Year of Award


Document Type


Degree Type

Master of Science (MS)

Degree Name

Health and Human Performance (Exercise Science Option)

Department or School/College

Department of Health and Human Performance

Committee Chair

Brent Ruby

Commitee Members

Charles Palmer, John Bardsley


wildland fire fighters, soldiers, marines, heat strain, field training, thermal regulatory model, skin temperature, core temperature, telemetric monitoring, physiological strain, thermobiology, heat physiology, heat strain, heat stress, heat stroke


The University of Montana


There are many occupational and professional careers that demand performance at the highest levels of function possible in hot environments. During heat exposure, the body undergoes a battery of physiological changes in response high heat stress. A problem arises when current physiological strain models are applied towards instantaneous monitoring of physiological strain in field settings. The Montana Center for Work Physiology and Exercise Metabolism has developed a novel equation to assess physiological strain, coined the Physiological Strain Scale (PSS), using the metrics of skin temperature (chest) and heart rate. This purpose of this study was to validate the new equations through previously collected data from 2 field studies (N=29, N=12), which varied in workload (Firefighting duties vs. Controlled Wattage Ride) , intensity, and environmental conditions (WLFF: 27.4 °C ± 3.61 °C and 6.5 mph ± 3.0 mph vs. Cycling: 12.5°C ± 7.1°C and 6.2 mph ± 5.7 mph). Core temperature, skin temperature (chest), and heart rate were continuously monitored in both studies. Accuracy was assessed between the gold standard PSI and the novel PSS equation by a 2 x 5 ANOVA between the number of overall minutes spent in the following groupings: No/Little= <2, Low=2.1-4, Moderate= 4.1-6, High= 6.1-8, Very high= >8. The novel equation of PSS demonstrated accuracy and reliability in the higher ambient temperature, lower wind speed environment when compared to PSI. However, PSS measured physiological strain to be significantly less in the lower temperature, higher wind speed environment when compared to PSI. This data suggests PSS is reliable in environments with a low Tcore-Tskin gradient, but may need adjustment in environments with a large Tcore-Tskin gradient.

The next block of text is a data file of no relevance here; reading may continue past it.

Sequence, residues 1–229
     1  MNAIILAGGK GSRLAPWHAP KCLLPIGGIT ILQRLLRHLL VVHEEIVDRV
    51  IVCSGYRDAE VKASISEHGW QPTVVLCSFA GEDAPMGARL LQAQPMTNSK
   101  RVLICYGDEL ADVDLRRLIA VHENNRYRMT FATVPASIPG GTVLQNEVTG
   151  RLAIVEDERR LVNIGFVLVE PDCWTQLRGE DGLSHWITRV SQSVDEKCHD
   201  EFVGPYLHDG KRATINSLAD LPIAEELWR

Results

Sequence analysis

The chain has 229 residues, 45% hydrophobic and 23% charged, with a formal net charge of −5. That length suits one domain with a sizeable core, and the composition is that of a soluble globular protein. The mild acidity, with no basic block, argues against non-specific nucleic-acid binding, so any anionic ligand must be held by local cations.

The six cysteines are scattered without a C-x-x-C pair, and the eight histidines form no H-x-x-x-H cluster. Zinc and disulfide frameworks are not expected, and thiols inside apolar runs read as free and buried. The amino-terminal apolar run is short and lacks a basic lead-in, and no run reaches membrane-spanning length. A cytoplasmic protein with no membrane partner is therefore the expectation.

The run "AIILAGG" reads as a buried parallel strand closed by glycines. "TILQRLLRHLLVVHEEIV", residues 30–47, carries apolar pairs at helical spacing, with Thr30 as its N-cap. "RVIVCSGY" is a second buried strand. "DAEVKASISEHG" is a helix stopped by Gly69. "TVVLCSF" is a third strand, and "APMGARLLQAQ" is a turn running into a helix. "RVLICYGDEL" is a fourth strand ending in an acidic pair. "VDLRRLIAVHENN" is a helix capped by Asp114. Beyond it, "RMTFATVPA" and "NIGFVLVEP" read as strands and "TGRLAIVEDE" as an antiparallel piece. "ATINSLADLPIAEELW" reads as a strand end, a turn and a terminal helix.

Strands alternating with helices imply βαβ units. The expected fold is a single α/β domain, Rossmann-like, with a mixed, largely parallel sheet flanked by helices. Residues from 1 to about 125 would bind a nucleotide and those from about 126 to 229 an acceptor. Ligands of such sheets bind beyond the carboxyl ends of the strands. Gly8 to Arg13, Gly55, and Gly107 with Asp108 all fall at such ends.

© Copyright 2013 Jeremy Curtis Basler